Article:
The project Site is the former CS & T Dry Cleaner located on the northeast side of Columbus, Indiana. Soil and groundwater contaminated with Perchloroethene (PCE) was discovered at the Site during a Phase I Investigation performed in 2002. Initial remediation activities using in-situ chemical oxidation were successful in removing a significant portion of the source area of the impacted groundwater plume. However, a significant dissolved plume of organic chemicals remained associated with the Site. In an effort to bring the remedial efforts to an effective closure, Mundell was retained by a partnering consulting firm to evaluate the stability of the dissolved organic plume using groundwater flow and chemical transport modeling. Modeling activities were completed in 2007 utilizing published three-dimensional analytical transport solutions (Domenico and Robbins, 1985; Domenico, 1987) to model the transport of residual contamination in the plume. Using these calibrated results, a comparison between the computer software BIOCHLOR and the utilized 3D analytical transport solution was conducted. Numerous sets of simulations were completed using both modeling methods to determine if they yield comparable results using the same hydraulic inputs. In addition, attempts were made to duplicate the calibrated analytical model results varying solely hydraulic conductivity and the retardation factor (r-factor) within the BIOCHLOR solution.
Upon formulation of a calibrated 3D analytical flow model, identical hydraulic values were utilized in BIOCHLOR to predict center-line concentrations with increasing distance from the source area. Comparison between the simulated PCE concentrations (3D analytical and BIOCHLOR) and the observed PCE concentrations indicated that the fit of the 3D analytical model values to the observed PCE values is significantly better than that of the BIOCHLOR results.
The second set of simulations used identical input parameters as both the previously run 3D analytical and BIOCHLOR simulations with the EXCEPTION of the hydraulic conductivity and r-factor. Attempts were made to set the K value at a more reasonable level (140 ft/d vs. 9 ft/d) and then adjust the r-factor until results similar to the first BIOCHLOR runs were attained.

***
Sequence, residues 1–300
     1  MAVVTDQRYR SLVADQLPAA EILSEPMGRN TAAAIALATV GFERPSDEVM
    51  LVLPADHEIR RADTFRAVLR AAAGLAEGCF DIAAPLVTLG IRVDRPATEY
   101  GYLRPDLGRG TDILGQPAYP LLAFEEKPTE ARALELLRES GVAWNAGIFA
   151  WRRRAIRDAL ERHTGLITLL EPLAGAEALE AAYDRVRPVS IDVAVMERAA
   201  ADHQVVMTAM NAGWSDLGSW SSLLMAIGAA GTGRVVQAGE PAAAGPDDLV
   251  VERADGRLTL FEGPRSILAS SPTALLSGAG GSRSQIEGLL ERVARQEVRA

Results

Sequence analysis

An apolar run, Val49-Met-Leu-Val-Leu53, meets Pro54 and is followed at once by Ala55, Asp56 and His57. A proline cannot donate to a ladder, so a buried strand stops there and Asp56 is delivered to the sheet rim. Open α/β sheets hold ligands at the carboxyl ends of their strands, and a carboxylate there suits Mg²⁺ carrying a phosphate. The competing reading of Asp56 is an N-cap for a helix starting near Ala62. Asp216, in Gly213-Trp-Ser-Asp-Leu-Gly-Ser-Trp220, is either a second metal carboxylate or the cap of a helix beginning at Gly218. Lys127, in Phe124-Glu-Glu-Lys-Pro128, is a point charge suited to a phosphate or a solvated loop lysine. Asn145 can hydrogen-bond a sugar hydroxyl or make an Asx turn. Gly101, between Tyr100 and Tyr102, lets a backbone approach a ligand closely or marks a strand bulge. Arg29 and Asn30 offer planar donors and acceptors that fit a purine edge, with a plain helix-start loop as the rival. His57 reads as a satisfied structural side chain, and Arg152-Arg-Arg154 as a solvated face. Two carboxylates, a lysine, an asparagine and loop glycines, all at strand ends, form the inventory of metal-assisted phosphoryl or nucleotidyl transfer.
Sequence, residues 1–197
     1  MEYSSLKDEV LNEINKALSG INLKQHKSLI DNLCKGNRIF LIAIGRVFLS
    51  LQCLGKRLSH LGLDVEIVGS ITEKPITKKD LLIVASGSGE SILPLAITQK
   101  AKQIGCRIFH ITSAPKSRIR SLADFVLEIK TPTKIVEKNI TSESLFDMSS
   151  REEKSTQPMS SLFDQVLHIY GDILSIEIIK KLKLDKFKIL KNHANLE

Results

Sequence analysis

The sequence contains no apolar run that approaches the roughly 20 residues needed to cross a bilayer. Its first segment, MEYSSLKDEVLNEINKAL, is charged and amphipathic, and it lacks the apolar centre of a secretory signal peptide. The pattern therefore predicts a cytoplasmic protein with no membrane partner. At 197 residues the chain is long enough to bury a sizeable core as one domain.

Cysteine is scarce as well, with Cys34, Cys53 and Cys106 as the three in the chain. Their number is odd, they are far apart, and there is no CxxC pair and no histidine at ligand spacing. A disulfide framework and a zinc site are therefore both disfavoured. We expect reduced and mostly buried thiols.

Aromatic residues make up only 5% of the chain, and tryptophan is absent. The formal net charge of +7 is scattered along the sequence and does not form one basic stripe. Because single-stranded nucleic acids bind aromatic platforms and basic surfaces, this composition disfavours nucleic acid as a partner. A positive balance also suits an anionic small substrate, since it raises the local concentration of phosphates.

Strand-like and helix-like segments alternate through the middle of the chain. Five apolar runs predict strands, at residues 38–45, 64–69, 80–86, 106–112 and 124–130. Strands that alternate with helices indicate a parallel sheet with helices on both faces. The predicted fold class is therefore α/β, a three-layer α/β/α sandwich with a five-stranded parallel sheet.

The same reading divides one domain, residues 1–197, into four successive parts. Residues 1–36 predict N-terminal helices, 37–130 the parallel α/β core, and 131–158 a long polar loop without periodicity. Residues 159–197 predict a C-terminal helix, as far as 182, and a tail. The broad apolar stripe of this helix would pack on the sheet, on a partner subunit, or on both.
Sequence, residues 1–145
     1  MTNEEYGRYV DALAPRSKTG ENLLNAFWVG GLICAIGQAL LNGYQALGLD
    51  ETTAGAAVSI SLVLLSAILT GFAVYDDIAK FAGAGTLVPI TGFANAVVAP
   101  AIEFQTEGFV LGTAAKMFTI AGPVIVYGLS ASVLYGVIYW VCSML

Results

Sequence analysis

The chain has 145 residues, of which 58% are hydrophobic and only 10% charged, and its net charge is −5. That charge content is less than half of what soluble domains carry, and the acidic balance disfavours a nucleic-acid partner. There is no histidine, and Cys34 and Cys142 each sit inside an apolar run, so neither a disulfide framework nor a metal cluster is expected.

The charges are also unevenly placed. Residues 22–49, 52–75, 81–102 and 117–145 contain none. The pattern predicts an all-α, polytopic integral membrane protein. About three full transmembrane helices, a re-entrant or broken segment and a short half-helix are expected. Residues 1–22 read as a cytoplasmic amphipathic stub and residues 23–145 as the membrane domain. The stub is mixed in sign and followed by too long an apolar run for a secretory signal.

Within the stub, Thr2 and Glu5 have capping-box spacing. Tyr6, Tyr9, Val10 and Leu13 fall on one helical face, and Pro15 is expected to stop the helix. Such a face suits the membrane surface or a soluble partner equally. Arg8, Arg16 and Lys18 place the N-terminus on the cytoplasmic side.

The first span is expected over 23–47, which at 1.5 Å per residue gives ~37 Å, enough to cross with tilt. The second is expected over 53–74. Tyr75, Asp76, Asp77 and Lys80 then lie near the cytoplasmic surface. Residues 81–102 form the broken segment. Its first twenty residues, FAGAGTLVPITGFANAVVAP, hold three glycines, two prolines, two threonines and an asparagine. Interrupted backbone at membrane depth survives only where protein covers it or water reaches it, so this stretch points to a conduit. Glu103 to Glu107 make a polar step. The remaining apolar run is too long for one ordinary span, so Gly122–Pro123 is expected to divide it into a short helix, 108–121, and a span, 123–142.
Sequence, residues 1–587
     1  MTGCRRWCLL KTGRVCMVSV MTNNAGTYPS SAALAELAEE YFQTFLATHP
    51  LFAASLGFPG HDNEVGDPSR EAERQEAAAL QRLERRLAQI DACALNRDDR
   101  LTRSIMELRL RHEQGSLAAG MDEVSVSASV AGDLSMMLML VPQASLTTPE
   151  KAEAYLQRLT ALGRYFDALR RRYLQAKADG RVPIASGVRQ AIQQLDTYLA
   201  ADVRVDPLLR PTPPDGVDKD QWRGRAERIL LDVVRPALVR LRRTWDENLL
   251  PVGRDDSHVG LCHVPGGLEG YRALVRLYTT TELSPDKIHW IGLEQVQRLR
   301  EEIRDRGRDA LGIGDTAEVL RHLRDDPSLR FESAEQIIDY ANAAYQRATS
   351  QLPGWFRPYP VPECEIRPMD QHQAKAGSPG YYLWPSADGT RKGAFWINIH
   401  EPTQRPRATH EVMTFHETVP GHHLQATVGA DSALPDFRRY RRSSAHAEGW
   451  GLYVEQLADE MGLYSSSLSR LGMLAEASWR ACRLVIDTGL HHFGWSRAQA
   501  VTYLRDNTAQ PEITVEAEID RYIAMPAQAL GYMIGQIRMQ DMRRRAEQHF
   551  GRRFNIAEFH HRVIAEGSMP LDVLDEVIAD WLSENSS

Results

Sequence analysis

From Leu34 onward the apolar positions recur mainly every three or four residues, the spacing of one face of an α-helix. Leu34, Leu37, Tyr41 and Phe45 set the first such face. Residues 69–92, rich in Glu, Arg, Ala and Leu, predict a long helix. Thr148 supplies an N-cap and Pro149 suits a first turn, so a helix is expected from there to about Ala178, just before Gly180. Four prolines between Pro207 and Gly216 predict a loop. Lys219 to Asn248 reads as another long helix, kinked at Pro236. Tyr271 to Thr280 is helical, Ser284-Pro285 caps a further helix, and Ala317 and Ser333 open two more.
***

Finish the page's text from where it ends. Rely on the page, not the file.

As displayed above, several calibration points had multiple r-factor/K combinations that produced PCE concentrations similar to those calculated in the first BIOCHLOR simulations. Unfortunately, variation of the r-factor within a single transport model is not realistic, nor is it supported in either the 3D analytical model or in the BIOCHLOR spreadsheet. Averaging the secondary r-factors to create a single representative value was attempted and input into BIOCHLOR (R = 3.31). Use of this averaged r-factor did not duplicate the earlier BIOCHLOR results, and produced error values in excess of 43%.
An additional attempt to obtain a secondary r-factor was completed by comparing BIOCHLOR simulated PCE concentrations to PCE concentrations observed in the field.
As in the previous analysis, no single r-factor was attained that consistently reproduced similar results to the initial r-factor/K combination, with error values again extending above 40%.
Examination of both BIOCHLOR simulations showed similar error values when using the secondary r-factor values. However, the difference between the BIOCHLOR simulation errors and the 3D analytical solution errors are significantly different (an order of magnitude or more) and support the use of the 3D analytical solution as the best predicative method for the Site.
Based on these variations, it does not appear that multiple unique solutions can be attained for a single model solely by adjusting the K and r-factor.